How to Master the Art of Toy Rotation-Woodmam
Mom and Dads everywhere, you're in luck. It's easy for children to forget about toys once they're out of sight.
Keep this in mind as you master the art of toy rotation in your home. Not only will you have calmer, happier kids, you'll also be able to introduce "new" toys to your family on a weekly basis.
Step 1: Change Your Mindset
When you leave lots of toys out for your child to play with, it actually makes it harder for them to deeply engage in their play. A widely available amount of toys only leaves them wanting to move from one toy to the next and can also lead to a more stressful play environment.
The less you leave out, the more deeply your child will be able to connect with a single toy and get lost in their own imagination.
Step 2: Limit The Selection
Toy rotation does not mean you have to donate or get rid of your child's toys. Instead you're limiting what's available to them during playtime.
Select between three to five toys to leave out and box up the rest, storing them away until it's time to refresh their selection.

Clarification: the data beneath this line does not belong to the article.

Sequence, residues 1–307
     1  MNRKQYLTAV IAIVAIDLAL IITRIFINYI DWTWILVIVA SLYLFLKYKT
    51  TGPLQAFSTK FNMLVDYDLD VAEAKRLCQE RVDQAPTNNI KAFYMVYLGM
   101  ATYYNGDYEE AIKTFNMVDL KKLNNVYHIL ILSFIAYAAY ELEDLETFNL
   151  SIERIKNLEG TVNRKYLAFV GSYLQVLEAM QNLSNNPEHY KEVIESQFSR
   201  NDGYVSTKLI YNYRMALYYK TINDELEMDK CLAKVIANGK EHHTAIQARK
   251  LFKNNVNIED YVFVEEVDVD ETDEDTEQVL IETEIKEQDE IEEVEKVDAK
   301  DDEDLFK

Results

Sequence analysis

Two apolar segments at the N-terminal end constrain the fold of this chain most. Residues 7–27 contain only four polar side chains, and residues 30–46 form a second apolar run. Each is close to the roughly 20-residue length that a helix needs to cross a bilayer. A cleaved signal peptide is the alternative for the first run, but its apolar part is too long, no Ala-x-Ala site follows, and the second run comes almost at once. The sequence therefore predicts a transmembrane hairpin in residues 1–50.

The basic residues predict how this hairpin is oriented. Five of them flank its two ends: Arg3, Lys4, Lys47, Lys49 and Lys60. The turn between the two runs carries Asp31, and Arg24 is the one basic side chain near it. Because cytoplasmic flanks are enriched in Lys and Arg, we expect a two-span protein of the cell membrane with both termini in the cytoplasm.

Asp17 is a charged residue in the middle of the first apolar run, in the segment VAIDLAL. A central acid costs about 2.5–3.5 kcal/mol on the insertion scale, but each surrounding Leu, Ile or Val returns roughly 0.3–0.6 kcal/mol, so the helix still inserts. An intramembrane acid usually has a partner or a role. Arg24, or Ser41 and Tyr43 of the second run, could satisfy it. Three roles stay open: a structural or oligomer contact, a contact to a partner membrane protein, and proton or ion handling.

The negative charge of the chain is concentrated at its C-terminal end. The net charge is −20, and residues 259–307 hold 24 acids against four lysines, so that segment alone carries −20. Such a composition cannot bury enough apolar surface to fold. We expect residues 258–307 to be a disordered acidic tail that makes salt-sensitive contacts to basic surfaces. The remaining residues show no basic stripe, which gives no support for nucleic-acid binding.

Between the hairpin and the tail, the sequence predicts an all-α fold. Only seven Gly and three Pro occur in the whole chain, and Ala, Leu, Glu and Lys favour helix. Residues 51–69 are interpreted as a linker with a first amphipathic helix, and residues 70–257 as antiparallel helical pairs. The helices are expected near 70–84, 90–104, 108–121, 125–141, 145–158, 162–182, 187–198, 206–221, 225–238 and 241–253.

Choose a selection of toys that will appeal to different senses. For example, you might leave out a pretend toy (a wooden set of pots), a stacking or building toy, an active toy (a trike), a thinking toy (a puzzle) and a musical toy.
Step 3: Consider the Seasons
If you live in an area with big changes in the weather, consider sorting toys accordingly. For example, you might leave more active indoor toys out in the winter months since there is less outside playtime available.
Step 4: Don't Forget About Books
When we talk about toy rotation, it's easy to forget about the shelves of books that are also readily available to children.
One way we love to streamline our book collection is to sort by a theme. For example, when spring is approaching here in Maine, we love to pick books about gardening, insects, camping and other seasonal themes while books about the holidays or winter get put away.